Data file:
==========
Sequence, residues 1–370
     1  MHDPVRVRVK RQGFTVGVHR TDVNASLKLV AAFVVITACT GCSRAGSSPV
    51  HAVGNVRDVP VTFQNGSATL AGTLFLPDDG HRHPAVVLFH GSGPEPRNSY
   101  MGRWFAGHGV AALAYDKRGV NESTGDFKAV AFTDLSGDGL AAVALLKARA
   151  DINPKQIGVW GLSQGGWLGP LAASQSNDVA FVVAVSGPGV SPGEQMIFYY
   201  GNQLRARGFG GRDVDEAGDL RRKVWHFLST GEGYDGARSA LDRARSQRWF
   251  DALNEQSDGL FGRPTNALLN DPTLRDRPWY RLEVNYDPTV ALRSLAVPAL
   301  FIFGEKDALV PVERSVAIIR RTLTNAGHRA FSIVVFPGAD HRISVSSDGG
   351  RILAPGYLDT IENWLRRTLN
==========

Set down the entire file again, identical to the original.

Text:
Sequence, residues 1–370
     1  MHDPVRVRVK RQGFTVGVHR TDVNASLKLV AAFVVITACT GCSRAGSSPV
    51  HAVGNVRDVP VTFQNGSATL AGTLFLPDDG HRHPAVVLFH GSGPEPRNSY
   101  MGRWFAGHGV AALAYDKRGV NESTGDFKAV AFTDLSGDGL AAVALLKARA
   151  DINPKQIGVW GLSQGGWLGP LAASQSNDVA FVVAVSGPGV SPGEQMIFYY
   201  GNQLRARGFG GRDVDEAGDL RRKVWHFLST GEGYDGARSA LDRARSQRWF
   251  DALNEQSDGL FGRPTNALLN DPTLRDRPWY RLEVNYDPTV ALRSLAVPAL
   301  FIFGEKDALV PVERSVAIIR RTLTNAGHRA FSIVVFPGAD HRISVSSDGG
   351  RILAPGYLDT IENWLRRTLN